Mass Electronic Media is a piss-poor substitute for a public sphere, isn’t it?
It works on an instinctual level. Millions of Americans “consume media” like “The News.” An actor reads a script and it is more or less accepted by the viewers as “official.” Generations of Americans have been trained this way.
Forget Stalin’s quote about who counts the votes – they don’t matter compared to the people who tell you who won the vote. Apparently, even the sitting President of the United States won’t be broadcast on “American” media.
That’s what the Transition Integrity Project said they were going to do. They were “gaming” the various media scenarios to figure out how to discredit Trump when he announced his win on election night using Office Social Media.
They told you they were going to do it, then they did it, then they told you what they did. It’s an old Hollywood story-telling device.
The disappointed Trump fans who think the election was stolen utterly miss the point. The fact it was close enough to steal – the fact that outsiders are even allowed a say – is the point, not how many ballot boxes Democrats could stuff in Philadelphia, much less the details of how they rigged the “electronic voting machines.”
The Empire isn’t even properly American anymore, if it ever really was.
The obvious reason they censored a bunch of people from “Official Social Media” – Facebook, Twitter, Google – was the same reason that any occupying military takes control of the Mass Electronic Media. It’s the same reason that an ancient king would stand up on a balcony and proclaim things. It’s the same reason they take control of the money and start charging taxes.
All “mainstream” politics consist of a lot of babble about glittering generalities and technocratic posturing but can never address the nature of the Empire nor the people who control it.
To take but one example: how can you take anyone seriously when they discuss contemporary American politics by referencing the “official” version 9/11?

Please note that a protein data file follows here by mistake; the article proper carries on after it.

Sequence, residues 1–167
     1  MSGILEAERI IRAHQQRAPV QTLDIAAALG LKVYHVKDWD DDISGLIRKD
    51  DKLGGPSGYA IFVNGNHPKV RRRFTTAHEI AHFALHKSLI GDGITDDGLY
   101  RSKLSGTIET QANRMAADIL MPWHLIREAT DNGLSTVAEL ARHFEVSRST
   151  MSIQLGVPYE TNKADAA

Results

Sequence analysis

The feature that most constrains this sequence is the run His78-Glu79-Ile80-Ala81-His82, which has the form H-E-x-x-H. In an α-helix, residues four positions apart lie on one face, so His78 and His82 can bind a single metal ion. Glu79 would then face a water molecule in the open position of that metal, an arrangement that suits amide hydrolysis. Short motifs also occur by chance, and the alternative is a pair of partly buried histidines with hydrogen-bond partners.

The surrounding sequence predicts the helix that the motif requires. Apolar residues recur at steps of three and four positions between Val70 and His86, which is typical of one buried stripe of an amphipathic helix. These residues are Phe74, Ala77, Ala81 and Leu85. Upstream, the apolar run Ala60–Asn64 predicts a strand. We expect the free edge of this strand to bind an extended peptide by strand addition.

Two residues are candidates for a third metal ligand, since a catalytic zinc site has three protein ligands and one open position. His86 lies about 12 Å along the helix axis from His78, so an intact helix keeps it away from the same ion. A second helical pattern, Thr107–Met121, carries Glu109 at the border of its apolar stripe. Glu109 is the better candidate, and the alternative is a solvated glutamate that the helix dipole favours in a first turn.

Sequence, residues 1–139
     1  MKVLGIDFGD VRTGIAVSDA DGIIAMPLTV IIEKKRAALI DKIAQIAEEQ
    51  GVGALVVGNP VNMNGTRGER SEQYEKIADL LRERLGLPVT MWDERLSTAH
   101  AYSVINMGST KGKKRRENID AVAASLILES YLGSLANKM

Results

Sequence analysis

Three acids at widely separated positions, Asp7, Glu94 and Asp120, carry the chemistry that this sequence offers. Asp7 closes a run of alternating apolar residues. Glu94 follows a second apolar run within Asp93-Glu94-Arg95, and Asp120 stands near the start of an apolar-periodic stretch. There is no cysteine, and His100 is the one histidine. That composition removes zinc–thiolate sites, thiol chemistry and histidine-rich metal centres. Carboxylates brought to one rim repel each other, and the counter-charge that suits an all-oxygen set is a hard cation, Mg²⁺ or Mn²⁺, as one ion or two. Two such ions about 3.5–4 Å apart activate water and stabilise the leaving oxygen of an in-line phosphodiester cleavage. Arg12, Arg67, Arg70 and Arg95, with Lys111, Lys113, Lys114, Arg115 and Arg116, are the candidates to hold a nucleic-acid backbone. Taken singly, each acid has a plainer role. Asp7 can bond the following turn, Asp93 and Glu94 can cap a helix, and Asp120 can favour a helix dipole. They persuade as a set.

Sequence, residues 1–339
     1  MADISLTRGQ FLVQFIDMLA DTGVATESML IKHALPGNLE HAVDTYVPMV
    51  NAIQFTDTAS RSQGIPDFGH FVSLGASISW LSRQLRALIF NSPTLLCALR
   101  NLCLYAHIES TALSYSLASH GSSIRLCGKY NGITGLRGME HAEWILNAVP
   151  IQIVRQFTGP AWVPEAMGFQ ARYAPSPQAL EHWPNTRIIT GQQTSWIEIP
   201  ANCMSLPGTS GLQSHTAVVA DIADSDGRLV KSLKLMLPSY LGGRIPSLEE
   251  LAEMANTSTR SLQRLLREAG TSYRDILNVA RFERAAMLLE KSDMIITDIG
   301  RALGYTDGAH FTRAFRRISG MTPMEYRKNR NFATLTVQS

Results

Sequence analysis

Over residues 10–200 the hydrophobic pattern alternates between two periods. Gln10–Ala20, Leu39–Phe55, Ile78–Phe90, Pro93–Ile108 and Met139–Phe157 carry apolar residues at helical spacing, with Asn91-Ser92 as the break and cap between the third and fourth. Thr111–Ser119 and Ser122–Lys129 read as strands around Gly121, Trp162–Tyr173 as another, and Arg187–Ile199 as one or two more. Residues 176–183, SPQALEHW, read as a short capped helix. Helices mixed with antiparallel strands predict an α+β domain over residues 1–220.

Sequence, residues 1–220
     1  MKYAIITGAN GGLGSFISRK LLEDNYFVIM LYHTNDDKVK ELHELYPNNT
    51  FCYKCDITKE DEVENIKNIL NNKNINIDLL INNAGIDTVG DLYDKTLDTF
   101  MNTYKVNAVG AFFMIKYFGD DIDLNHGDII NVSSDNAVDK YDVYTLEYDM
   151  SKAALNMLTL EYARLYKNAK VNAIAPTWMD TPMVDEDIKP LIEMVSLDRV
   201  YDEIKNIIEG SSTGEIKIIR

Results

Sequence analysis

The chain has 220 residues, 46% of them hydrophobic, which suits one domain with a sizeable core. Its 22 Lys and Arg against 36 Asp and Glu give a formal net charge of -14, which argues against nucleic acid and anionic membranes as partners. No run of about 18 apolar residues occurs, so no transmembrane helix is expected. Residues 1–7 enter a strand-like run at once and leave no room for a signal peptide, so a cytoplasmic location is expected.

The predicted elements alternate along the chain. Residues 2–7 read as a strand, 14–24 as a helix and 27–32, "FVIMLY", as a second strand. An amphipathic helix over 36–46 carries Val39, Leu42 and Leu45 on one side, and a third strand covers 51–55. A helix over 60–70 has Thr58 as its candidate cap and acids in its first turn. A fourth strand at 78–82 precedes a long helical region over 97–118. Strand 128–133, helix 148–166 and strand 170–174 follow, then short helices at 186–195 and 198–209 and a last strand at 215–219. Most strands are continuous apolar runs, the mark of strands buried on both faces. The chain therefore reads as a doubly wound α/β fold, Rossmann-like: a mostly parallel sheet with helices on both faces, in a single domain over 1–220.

It’s such an obvious example of forcing someone to say “five fingers.”
Someone on Twitter recently pointed out that if your “political” thoughts consist of trying to “set options” in society, as if in a video game, to make the gameplay better for you, it’s not particularly different than Steve Sailer’s Law of Female Journalism, that has the journalist demanding that society change to make herself consider hotter.
You saw this with the “Manosphere” especially, “if only women were different and the rules of society were changed, I could get a sexier girlfriend.”
This impulse is the real reason why the Ellis Island Invaders – not to mention at least half of the real Americans – hated “Puritans” and “WASPs.”
The real Americans and their immediate predecessors were not clannish, but instead built institutions, which were their clans. “America” was one such institution. They created a “Householder” system, where a young son or daughter would be sent to a neighbor’s house to apprentice – outside the family, but within the institution.
While families are particular to particular people, the idealized institution is universal. Anyone, from any family, can join the institution provided the proper behavior.